With the advent of technological advancements and the ongoing economic crisis, questions have arisen about the effectiveness of traditional business practices with regard to travel and business meetings. Leading corporations are on the forefront in the exercise of slashing budgetary allocations as they try to determine when large group meetings are most appropriate and constitute good returns of their limited resources. Consequently, virtual technologies have provided alternatives for conducting face-to-face conference meetings. In this regard, clearly the future of large face-to-face meetings is at stake.
The purpose of having face-to-face events and meetings is usually to exchange information and to network with fellow colleagues. Corporations are concerned over public outcry on their spending on face-to-face meetings. As a result, they have adopted advanced technologies capable of running virtual meetings at a cheaper cost. Apart from being the best alternative of face-to-face meetings, the virtual technologies are also superior. The adoption of virtual technologies means savings in the range of 50 to 80% because costs such as hotel rooms, transportation, rental of the conference venue, packing and shipping displays are not incurred by corporations that hold conferences from time to time (Arslaner 2012).
However, it is important for us to note that the traditional face-to-face business meetings will not die off completely. Human face-to-face communication continues to be the most effective form of communication. This is because live meetings deliver rich experiences that virtual meetings cannot provide. Face-to-face meetings are characterized by delivery of motivation along with inspiration, and messaging with information. Leading corporations are adopting a hybrid of both virtual and face-to-face communication to maximize returns on their investments. It is believed that the traditional model where a presenter takes the stage and addresses a passive audience is not effective as desired. Therefore, these corporations are adopting interactive and social networking tools to increase interactions between the audience and the speaker. Companies such as Apple Inc. and Cisco Systems significantly employ the use of web-based and on-site technologies in their annual general meetings (Arslaner 2012).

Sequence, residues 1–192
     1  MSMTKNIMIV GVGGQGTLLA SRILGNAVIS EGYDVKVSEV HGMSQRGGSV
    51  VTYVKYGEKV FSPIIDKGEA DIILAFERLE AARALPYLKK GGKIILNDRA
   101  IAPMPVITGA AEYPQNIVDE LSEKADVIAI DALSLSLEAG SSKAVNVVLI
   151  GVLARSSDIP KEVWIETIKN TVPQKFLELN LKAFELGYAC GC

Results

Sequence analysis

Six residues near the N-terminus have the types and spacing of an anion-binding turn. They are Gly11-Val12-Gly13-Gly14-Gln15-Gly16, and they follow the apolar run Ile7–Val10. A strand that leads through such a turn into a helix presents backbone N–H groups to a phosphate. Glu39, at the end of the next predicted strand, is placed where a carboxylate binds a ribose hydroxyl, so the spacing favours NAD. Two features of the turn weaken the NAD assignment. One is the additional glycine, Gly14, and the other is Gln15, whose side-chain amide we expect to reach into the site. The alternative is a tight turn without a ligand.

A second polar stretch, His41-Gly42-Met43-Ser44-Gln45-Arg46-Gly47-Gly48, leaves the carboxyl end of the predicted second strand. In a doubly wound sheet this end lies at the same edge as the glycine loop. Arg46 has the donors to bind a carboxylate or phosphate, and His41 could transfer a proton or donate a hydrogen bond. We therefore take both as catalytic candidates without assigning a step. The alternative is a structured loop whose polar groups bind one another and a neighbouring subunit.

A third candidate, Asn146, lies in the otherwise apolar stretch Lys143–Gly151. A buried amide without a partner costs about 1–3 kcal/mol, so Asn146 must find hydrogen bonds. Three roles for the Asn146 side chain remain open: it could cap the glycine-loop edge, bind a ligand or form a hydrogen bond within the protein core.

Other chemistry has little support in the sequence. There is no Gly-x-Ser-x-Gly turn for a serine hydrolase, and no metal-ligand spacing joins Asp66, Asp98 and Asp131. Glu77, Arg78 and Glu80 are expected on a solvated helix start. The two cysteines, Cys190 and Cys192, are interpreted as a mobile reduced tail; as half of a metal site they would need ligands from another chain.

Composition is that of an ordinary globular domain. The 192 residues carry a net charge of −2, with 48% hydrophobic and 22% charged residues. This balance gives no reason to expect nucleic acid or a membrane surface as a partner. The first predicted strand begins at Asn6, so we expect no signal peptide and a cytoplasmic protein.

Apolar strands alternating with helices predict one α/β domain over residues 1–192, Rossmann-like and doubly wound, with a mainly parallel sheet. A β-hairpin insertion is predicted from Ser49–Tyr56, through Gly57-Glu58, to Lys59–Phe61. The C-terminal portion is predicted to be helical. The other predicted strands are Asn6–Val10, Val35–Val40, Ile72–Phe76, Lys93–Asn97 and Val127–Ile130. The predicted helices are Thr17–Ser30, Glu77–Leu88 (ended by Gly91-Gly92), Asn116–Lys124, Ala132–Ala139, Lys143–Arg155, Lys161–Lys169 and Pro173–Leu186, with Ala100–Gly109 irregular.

During these interactive sessions, attendees use laptops to take part in live Q&A and blogging during the course of presentation. Even smart phones are becoming interactive tools during such meetings for sending text messages to the presenter or to the large screen in use (Arslaner 2012). The mixture of face-to-face communication with virtual technologies allows the attendees to record information without paper and to interact in real-time with the presenter.
Concisely, the convenience offered by virtual technologies, which is cost saving and increased productivity, makes them an inevitable replacement of holding face-to-face meetings in the future. However, it is important to note that traditional face-to-face communication will not die off completely. This is because face-to-face meetings are the most effective where hands-on-training is required. In addition, a study conducted in the year 2009 by Forbes Insight that surveyed 760 business executives to garner their perception about virtual and face-to-face meeting revealed startling facts. While many companies are shifting their focus to virtual technologies as an alternative to face-to-face meetings, an overwhelming number of the executives interviewed (80%) revealed they preferred face-to-face meeting. Most of them cited that in-person contact gave them the opportunity to stronger and meaningful business relationships. In addition, during such meetings they were in a position to judge the facial expression and body language of their business partners. More importantly, in-person interaction enabled them to bond with their clients and co-workers.
Arslaner, Brent. "Virtual Meetings Will Erase Face to Face - BusinessWeek."Businessweek -
Business News, Stock Market & Financial Advice. N.p., n.d. Web. 23 Nov. 2012. < http://www.businessweek.com/debateroom/archives/2009/01/virtual_meetings_will_eras e_face_to_face.html>